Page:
Pfizer established global business units to house its primary care and specialty drugs, along with a separate group for its efforts in emerging markets, moving away from a regional structure and putting development, medical, sales and marketing teams for those brands worldwide under one roof.
“We're taking what we used to have, which was a reasonable geographic focus, and we're now aligning under global business units with the core objective of focusing on our customers better than we ever have before,” Ray Kerins, VP, worldwide communications, told MM&M.
The three new business units – primary care, specialty and emerging markets – will stand alongside existing units focused on animal health, oncology, capsules, biotherapeutics and off-patent drugs. Research will remain separate, but clinical and commercial development functions will be folded into appropriate business units.
Kerins said the concept was first telegraphed by chairman and CEO Jeff Kindler in a January 2007 memo in which he advised employees “that we're looking to establish smaller operating units that can enhance innovation and accountability while drawing upon the scale and resources of Pfizer.”
Shortly thereafter, the company established its Biotherapeutics and Bioinnovation Center, which was followed by Animal Health and Capsugel (Pfizer manufactures 60% of the industry's capsules). In March the firm announced the formation of two more units – one containing the company's oncology efforts, the other more than 350 branded drugs such as Norvasc and Medrol that have lost patent protection but still sell high volumes, along with generic versions of Pfizer drugs manufactured by the company's generics division, Greenstone.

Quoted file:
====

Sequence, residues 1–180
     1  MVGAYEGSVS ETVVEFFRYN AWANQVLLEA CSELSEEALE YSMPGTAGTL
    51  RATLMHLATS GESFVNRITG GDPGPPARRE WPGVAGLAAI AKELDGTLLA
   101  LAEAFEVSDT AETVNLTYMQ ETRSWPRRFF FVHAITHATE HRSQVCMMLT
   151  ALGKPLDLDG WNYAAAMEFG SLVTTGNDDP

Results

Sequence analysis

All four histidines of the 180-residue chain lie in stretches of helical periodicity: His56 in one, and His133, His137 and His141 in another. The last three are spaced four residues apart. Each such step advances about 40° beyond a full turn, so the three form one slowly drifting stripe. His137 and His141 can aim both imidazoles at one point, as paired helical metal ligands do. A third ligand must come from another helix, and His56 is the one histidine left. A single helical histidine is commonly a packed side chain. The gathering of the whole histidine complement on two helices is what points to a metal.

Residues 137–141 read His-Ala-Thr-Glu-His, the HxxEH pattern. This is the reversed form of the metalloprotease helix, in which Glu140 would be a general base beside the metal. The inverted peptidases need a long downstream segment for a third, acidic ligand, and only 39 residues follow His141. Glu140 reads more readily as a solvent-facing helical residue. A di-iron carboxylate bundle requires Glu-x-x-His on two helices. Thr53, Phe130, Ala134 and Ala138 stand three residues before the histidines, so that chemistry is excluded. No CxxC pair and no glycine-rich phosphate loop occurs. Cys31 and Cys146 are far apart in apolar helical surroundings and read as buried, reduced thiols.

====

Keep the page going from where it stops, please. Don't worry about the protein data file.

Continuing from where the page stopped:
The aim is to take advantage of Pfizer's global reach while getting its businesses closer to the ground, said Kerins. “This allows us to focus on the customer, which can be the physician, the patient or the payer,” said Kerins, noting that the only remaining unit organized geographically will be the emerging markets group, which will direct the company's efforts in Russia, China, India and Turkey, among other markets. “It gets us to focus on the needs of very different marketplaces rather than trying to lump an entire region under one,” he said.
Under the new structure, research will offer Phase 1-ready compounds to the business units. If the leadership of a unit doesn't see opportunity in a compound, research can then license it to other companies, said Kerins.
Heading Primary Care will be Pedro Lichtinger, formerly area president, European pharmaceutical operations. Olivier Brandicourt, formerly SVP and general manager for Pfizer's Pratt US business unit, will lead Specialty Care, and Jean-Michel Halfon, previously area president for Canada, Latin America, Africa and the Middle East, will lead Emerging Markets. Established Products is headed by Dave Simmons, Oncology by Garry Nicholson and Animal Health by Juan-Ramon Alaix. Martin Mackay will continue to lead R&D.
Last week, in an internal memo, Mackay announced that the company would narrow its R&D focus to treatments for five disease states -- Alzheimer's, diabetes, inflammation/immunology, oncology, and pain and psychoses (schizophrenia) -- while continuing efforts in asthma, COPD, genitourinary, infectious diseases, smoking cessation, thrombosis, transplant and possibly ophthalmology.